I for one am pretty much non-exclusive except for JP. They have done a great job placing our music (including major networks) so I don’t mind sending a few exclusives their way to see what happens. If I can get a few more into SK I will do that also. Both of those companies have contributed a lot to my income over the last few years. It’s a small risk as far as I’m concerned. Anyone else then no, unless it’s very compelling (not even sure what compelling would be!). I will stay non-exclusive as at this point it’s the only thing that makes sense.

    As far as RF sites? I think we are all feeling our way on this as to pricing. It’s a work in progress.

    #10164 Reply
    B Minus

    It seems like Glen would be best off trying to form a composers’ union, since without a doubt if we could club together we would be taken advantage of less frequently.

    But the rest sounds more like paranoia to me. There are some exclusive libraries that make massive successes out of composers: e.g. look at that MichaelL KPM video. KPM is one of those, as is Extreme (look at mr composer). It’s up to each composer what to do with their music, and surely if you feel your music is above most others’, then you will be just fine?

    Ultimately you can’t argue with the customer. If they want a $15 cue from a non exclusive and don’t like you live instrument studio produced $1,000 cue, there’s nothing you can do, except find the right market for your music.

    P.S Art – what is SK?

    #10165 Reply

    It is amusing that people find my views unpaletable. I amnot trying to provoke an argument, merely offer a different perspective. I do believe that our craft has become devalued and it seems now that everyone and their dog wants to be a library composer – but they want to do it the easy way.

    How many people nowadays go and study at a conservatoire to learn the real fundamental skills of orchestration, theory, counterpoint, arranging etc.? Not many. Moreover, people would rather go on some mickey mouse music production course.

    Maybe it’s just coincidence then that I learnt my craft thoroughly and now make good music that is in demand and I get well paid for it. My point is, and this will be the last post I make because you all must find me a little annoying, making good music – now that’s the thing. Just try and create something original and wonderful. If you concentrate on the music and imparting genuine emotion, the rewards will come because your music will have humanity and communicate with people on an emotional level.

    If your focus is on whether you only uploaded 650 tracks to a rf library this week, well then you are setting yourself up as a cheap mini mart for music, a soulless, passionless uninspired cobbled together turgid midi fest.

    Just try and make real music is all I am saying and make it for the right reasons.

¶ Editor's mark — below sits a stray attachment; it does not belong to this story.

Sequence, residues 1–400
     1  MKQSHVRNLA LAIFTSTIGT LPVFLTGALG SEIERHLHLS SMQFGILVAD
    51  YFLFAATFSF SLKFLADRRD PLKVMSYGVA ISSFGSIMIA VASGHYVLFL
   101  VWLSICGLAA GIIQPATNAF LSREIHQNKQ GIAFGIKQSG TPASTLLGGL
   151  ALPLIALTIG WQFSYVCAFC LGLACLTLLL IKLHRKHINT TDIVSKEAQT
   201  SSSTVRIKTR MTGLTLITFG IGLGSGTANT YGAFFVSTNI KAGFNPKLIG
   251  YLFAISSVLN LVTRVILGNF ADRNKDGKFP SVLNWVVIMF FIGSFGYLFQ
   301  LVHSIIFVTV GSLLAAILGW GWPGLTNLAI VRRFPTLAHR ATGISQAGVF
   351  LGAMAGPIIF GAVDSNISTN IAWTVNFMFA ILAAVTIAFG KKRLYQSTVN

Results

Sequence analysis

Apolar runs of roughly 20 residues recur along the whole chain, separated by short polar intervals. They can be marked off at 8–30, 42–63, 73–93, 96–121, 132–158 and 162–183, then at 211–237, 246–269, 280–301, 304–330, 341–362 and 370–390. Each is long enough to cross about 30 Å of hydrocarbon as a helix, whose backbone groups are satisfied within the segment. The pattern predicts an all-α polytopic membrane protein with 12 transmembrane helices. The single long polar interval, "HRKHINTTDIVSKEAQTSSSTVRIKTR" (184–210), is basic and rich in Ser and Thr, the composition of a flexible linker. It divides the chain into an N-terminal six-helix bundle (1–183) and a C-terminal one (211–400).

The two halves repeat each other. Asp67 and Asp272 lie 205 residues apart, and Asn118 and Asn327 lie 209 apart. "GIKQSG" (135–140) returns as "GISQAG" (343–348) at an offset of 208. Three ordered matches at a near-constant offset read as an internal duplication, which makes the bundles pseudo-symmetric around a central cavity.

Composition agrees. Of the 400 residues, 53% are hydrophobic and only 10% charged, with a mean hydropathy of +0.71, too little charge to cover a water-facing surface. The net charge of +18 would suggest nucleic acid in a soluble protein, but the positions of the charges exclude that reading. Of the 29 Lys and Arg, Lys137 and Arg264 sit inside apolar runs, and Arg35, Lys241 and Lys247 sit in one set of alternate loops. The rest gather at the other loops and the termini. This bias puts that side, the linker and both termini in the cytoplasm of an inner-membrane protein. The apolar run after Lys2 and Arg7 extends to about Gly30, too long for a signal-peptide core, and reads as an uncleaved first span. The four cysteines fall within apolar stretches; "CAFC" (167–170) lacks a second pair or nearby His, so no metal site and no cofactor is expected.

Genuinely best wishes to everyone in their endeavours,though.

    #10166 Reply
    Mark Lewis

    Ultimately you can’t argue with the customer. If they want a $15 cue from a non exclusive and don’t like you live instrument studio produced $1,000 cue, there’s nothing you can do, except find the right market for your music.

    @B Minus Truer words were never spoken.

    Glen and Mr Composer are painting everything with really broad strokes with their statements that *all* composers are taking the easy way out.
    My company represents more than 150 incredibly talented composers and none of them are loop-pasters or whatever derogatory term is being used in this thread. The music submissions I review everyday are for the most part amazing and they make me proud and more than a bit humble to be associated with these composers.
    I am astounded on a daily basis at the amount of untapped talent that is out there and that anyone from any country, any education level, any background, is now on the same level playing field as those fortunate enough to have the financial means to go to a music conservatory and get their degrees.

    Just try and create something original and wonderful. If you concentrate on the music and imparting genuine emotion, the rewards will come because your music will have humanity and communicate with people on an emotional level.

    This is very nicely said and is exactly what composers should strive for.

    if we could club together we would be taken advantage of less frequently

    I don’t understand this sentiment from composers. The “being taken advantage of” or “not being fair”.
    I mean, are music library owners breaking into your home and forcing you to upload your music into their databases? You know the business model before signing on to any library, why would you feel something is unfair or you are being taken advantage of after you chose to sign on with a company.
    What exactly is “not fair” about music libraries that you volunteer to work with?

    And the naive notion that you can get “all us composers” together and run a music library is just silly. That’s exactly what these existing libraries are, they are working composers like myself, Bjorn Lynne, Mark Petrie, etc etc, creating a space for their fellow composers to distribute their music.
    The naivety of the statement “all us composers should get together” just shows how little most composers know about the business, technical, legal and marketing side of what music libraries do.
    Even if “all us composers” got together you would still have to pay 50% of your earnings to make the venture any kind of a success.
    And if you created a system that actually did include “all us composers” it would end up being a database of millions of composers, 100’s of millions of tracks from the absolute worst to the best in quality.
    Good luck getting a client to search through that mess.